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Get started with Azure tags

The more Azure resources an organization consumes, the harder it becomes to track those resources. Proper tagging can help manage and automate workloads, as well as control costs.

Developers and admins can quickly get overwhelmed when making decisions about how to organize IT resources in Microsoft Azure, but having the right systems in place is vital to gaining proper insight into their applications and data. One of the best ways to do this in Azure is with tags.

Rather than deal with one-to-one groups or hierarchical relationship trees, IT teams can use tags for more multi-dimensional relationships that are easier to institute. Tags are informational key-value elements that can be applied as metadata to Azure resources -- such as VMs and SQL databases -- to facilitate better organization, reporting and automation.

And while tags provide great organizational value, be careful -- their loosely structured nature can lead to more confusion than control when poorly implemented. IT teams need to define and develop a strategy for managing consistent, hierarchical naming conventions. Below are some tagging tips to properly organize Azure resources.

Azure tagging best practices

To choose the right Azure tag, identify its purpose and what insights the team wishes to gain from it.

For example, if an administrator wants to identify resources based on their environment level -- such as production or staging -- the most appropriate tag is Environment. Beyond a basic technical status, you can tag resources based on which business department is responsible for them, like sales or human resources, so an additional Department tag might make sense.

Although tags are generally key-value pairs, a lesser-used tagging format is a key-object pair. This format assigns a JSON string to a tag name, rather than a scalar value. This enables enterprises to have tags with multi-dimensional values, such as Environment and Department values assigned to a single CostCenter tag.

IT teams need to stress consistency in a tagging strategy. If it's not broadly adopted, the tags are worthless.


Employees not only need to buy in to the use of tags, they also need to know which Azure tags to use and how to use them in order for a tagging system to work. A spreadsheet is one way to stay organized, but it is not infallible.

Azure Policy is a governance service that can be used to manage and enforce policies across resources in your organization. For example, if every resource must include Department and Environment tags, a policy makes this a requirement rather than a suggestion.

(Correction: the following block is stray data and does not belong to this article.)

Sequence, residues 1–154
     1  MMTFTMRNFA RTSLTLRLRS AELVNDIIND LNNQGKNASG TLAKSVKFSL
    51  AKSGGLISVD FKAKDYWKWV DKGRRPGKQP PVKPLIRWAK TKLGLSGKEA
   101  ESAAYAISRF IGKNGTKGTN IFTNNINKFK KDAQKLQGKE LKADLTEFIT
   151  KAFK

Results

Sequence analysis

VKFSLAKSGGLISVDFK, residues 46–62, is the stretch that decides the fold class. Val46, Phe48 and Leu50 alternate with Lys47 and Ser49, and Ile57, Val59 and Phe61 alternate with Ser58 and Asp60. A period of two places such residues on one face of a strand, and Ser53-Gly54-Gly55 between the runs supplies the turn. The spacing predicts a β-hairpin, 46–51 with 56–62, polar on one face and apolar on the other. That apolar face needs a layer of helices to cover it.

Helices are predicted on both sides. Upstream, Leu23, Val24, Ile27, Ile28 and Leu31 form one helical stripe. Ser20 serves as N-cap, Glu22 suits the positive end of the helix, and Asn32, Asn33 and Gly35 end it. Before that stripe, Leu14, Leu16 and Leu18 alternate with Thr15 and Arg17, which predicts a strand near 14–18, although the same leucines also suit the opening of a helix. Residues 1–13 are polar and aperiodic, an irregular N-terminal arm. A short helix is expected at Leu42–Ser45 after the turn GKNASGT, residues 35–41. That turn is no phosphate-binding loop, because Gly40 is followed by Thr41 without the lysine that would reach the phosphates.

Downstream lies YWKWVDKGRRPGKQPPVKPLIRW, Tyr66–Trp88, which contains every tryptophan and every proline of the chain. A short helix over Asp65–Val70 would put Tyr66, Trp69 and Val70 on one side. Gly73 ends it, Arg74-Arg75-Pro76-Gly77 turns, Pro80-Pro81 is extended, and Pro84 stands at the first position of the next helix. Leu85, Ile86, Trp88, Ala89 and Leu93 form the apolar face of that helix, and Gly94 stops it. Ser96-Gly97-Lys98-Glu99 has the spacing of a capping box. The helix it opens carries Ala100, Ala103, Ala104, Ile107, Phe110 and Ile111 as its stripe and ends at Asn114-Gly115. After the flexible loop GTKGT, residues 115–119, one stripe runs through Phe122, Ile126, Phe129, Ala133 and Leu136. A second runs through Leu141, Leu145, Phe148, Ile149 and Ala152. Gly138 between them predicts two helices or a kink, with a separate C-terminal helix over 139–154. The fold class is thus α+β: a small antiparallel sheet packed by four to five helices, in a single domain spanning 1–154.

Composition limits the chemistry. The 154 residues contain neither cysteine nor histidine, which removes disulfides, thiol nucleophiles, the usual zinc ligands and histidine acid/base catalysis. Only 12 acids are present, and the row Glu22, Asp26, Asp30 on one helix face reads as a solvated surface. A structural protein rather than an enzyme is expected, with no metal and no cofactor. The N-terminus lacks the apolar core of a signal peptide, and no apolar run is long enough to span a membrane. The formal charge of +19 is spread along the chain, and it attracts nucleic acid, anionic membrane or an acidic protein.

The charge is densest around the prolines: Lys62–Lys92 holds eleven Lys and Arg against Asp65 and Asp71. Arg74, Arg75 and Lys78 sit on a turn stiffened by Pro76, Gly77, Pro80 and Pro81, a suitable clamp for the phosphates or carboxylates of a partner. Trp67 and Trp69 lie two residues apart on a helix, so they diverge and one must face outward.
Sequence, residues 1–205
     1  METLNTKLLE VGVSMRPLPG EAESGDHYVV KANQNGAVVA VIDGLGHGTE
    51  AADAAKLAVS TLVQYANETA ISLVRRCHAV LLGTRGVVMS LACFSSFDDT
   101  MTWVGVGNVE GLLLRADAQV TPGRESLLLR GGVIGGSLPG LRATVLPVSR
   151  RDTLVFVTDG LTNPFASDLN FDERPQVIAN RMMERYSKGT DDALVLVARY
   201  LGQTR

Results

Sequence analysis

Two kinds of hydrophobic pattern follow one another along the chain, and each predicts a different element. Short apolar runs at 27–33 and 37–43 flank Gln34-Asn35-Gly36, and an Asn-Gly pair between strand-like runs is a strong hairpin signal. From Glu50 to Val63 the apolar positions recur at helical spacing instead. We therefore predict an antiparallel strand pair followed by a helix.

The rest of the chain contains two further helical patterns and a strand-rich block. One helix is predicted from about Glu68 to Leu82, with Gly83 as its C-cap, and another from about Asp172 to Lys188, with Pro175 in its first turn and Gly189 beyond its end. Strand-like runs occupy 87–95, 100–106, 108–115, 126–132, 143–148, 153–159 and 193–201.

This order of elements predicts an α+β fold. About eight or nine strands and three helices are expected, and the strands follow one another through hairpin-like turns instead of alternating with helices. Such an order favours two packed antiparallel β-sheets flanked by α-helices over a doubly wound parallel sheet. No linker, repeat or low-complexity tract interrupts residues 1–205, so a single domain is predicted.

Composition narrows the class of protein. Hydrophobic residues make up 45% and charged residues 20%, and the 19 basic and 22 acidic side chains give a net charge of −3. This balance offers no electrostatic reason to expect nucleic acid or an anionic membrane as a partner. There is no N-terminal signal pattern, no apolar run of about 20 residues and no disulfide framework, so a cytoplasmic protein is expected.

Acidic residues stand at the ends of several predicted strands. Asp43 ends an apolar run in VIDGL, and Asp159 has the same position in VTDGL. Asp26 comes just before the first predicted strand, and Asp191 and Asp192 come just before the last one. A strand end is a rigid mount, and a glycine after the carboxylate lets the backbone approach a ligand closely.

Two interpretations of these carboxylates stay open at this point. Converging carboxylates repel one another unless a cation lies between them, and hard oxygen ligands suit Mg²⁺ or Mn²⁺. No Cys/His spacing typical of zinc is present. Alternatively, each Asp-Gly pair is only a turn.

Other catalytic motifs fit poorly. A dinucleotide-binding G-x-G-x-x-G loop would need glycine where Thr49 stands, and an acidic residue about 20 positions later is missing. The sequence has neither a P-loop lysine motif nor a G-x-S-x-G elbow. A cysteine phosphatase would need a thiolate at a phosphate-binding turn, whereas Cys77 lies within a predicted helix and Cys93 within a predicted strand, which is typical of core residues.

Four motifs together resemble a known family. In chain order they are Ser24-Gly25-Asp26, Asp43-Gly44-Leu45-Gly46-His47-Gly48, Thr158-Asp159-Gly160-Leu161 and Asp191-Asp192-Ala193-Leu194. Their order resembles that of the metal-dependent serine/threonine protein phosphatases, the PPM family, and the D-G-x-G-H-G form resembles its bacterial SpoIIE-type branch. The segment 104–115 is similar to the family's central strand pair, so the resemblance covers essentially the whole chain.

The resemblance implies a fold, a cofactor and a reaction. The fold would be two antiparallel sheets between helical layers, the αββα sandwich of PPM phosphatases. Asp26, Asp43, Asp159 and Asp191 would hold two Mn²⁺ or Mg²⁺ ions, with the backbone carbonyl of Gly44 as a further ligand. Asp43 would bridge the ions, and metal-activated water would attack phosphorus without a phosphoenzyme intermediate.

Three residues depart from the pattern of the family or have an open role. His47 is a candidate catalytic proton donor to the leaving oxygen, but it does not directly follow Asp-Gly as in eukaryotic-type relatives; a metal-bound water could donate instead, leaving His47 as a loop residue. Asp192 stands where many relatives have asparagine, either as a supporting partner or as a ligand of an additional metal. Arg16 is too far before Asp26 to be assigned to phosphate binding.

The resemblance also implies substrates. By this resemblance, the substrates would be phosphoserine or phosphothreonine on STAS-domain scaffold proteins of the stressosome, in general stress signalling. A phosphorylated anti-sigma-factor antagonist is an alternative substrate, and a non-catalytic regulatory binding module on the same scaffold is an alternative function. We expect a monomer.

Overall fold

Additionally, policy rules enforce the format of individual tag values with simple matching patterns -- such as ##-???-#### to enforce a 01-Jan-1990 date format.


Keep in mind that there are some limitations to Azure tags:

  • Tags applied to a resource group are not inherited by the resources in that group.
  • Tag names are limited to 512 characters.
  • Tag names cannot contain the following characters: <, >, %, &, \, ?, /.
  • Each resource or resource group can have a maximum of 50 tag name/value pairs.

Tagging for automation and cost control

In addition to key-value pairs for reporting purposes, tags can better enable automation and reduce costs. For example, the Uptime tag alongside a value of BD -- meaning business day -- can flag resources to automatically shut down for a certain amount of time, such as overnight.

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Like any tagging system, the power of Azure tags isn't in the tags themselves, but in the functionality that developers and admins can implement on top of them. Because tags are inherently queryable, their use extends far beyond reporting and billing. With technologies like PowerShell and Azure Automation, automated tasks can be applied to resources based on the assigned tags.

For example, to take automation further, we could assign a policy that enforces a MaxUptime tag for every resource and assign an integer value that determines exactly how long it can remain active. Combined with PowerShell, we could query resources on a fixed cadence -- such as hourly or daily -- and any resource with an uptime that is longer than its MaxUptime value would automatically shut down.

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